• 3 thick-cut boneless pork chops
• 1 whole fresh pomegranate, opened with seeds removed (cut into quarters, place under water and gently pull out seeds. The water keeps it from squirting you. Drain seeds.)

In a medium saucepan over medium heat, combine pom juice, sugar, cornstarch and red pepper flakes. Stir until bubbling and thick, then remove and set aside.

In a small bowl, combine garlic, ginger and soy sauce. Set aside.

In a large skillet, heat 1 T olive oil over medium-high. Pat chops dry and place in hot skillet, then spoon half the garlic-ginger mixture over the meat. Cook for 5 minutes, then turn and spoon the remaining mixture over. Cook another 5 minutes, or until cooked through and barely pink. Remove chops from pan and keep warm. (Note: I had to pop mine in the oven at 350 for a few minutes to finish cooking – you don’t want the sauce to burn).

In the chop pan, pour a little pomegranate juice in to de-glaze, scraping up the stuck-on bits. Off the heat, add the pomegranate syrup you reserved and stir to combine. The sauce will be thick and very dark with a deep, rich flavor. Just splendid.

To serve, pour sauce over the chops and top with seeds.

This was a fun meal to make that filled the house with wonderful smells. The sauce is good enough to eat with a spoon! I literally licked the plate and spoon and fork.

I encourage you all to get your antioxidants in and drink more pomegranate juice! xoxo

BBQ Road Trip

One of the beauties of the journalism industry is even when you leave it, you’re never far from a friend. I recently had the pleasure of meeting two friends – one old, one new – from the Chicago Tribune, who were on their way through a BBQ Roadtrip. Be sure to read up about there travels here: http://bbqroadtrip.tumblr.com/.

The guys are on a mission to find great, regional barbecue, and when I heard they were coming my way, I made sure our paths intersected. Kevin invited me to join them in Lexington, where they would be eating at two different restaurants (two, really?). Like true food critics, they had small portions at each place – admitting that they’ve sampled as many as four different eateries in one day.

We first went to the Bar-B-Q Center, where we started with the barbecue soup, which was basically a vegetable soup with chopped pork up top:

It was great and tasted exactly how it’s described. For our entrees, we had the simple chopped pork “platter,” which means slow-smoked pork pulled off the shoulder, chopped and served in a flimsy paper bowl. With a side of red slaw and hushpuppies, of course. It was tasty and authentic.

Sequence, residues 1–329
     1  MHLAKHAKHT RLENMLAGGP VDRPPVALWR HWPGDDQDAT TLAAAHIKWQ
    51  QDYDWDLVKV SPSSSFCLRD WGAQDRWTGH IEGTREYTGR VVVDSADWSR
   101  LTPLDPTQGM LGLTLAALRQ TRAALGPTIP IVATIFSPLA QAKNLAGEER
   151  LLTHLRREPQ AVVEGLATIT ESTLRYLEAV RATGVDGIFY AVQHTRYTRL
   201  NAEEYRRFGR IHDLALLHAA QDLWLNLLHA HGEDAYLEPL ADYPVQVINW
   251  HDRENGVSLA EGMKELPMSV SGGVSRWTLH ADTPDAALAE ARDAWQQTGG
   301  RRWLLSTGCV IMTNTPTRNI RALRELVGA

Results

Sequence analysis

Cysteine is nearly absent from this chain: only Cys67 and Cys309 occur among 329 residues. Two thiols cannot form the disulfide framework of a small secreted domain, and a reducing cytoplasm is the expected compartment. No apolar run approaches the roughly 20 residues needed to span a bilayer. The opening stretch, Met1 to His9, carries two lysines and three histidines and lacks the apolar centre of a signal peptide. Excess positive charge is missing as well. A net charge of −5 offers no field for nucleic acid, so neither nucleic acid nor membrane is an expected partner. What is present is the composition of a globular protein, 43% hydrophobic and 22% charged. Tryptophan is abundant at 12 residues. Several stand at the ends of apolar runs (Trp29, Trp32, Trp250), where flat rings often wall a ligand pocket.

My favorite thing, however, was the fried pork sandwich. It had mustard on it and I thought Kevin was going to die of happiness.

Next, we went to Lexington BBQ, which is supposed to be THE place for barbecue in Lexington. We were disappointed to learn that the fried pork-skin sandwiches were off the menu, so we ordered the “outside brown” chopped pork platter. That outside brown is genius. Right under the pork skin, it’s slightly crispy on the outside, but tender and delicious on the inside. This was my favorite thing we ate.

The slaw was “white,” as you can see. With a side of hushpuppies, of course.

For dessert, we got the Karo Nut Pie (pecan pie), with an awesome square of vanilla ice cream up top that melted all over it.

Thanks again to Kevin and Keith for inviting me – and for bringing all the Chi-Tribune swag and Chicago-style relish. I hope you guys enjoy all the barbecue sauce you picked up on your Southern travels. Until we meet again!

Curried pork chops

This dish is so easy, you can make it after coming home from the bars late one night. Not that I would know….

It is basically a curry marinade that would work awesome with all meats, including chicken, shrimp, tofu, whatever. You marinate the meat and then bake it and serve it over rice. Easy! Just be sure to adjust the cooking time so you don’t overcook your meats. The taste is really yummy.

I got this recipe from my Thai cookbook.

Curried Pork Chops


  • 2 T canola oil
  • 2 T soy sauce
  • 2 T red curry paste (I used Taste of Thailand)
  • 2 T honey
  • 1/2 tsp salt
  • 3 pounds pork chops
  • Lime wedges, for serving
  • Cooked brown rice, for serving.

Whisk oil, soy sauce, curry, honey and salt in large bowl. Add pork and toss to get the curry all over. Cover and refrigerate for 3 hours or overnight. Or not…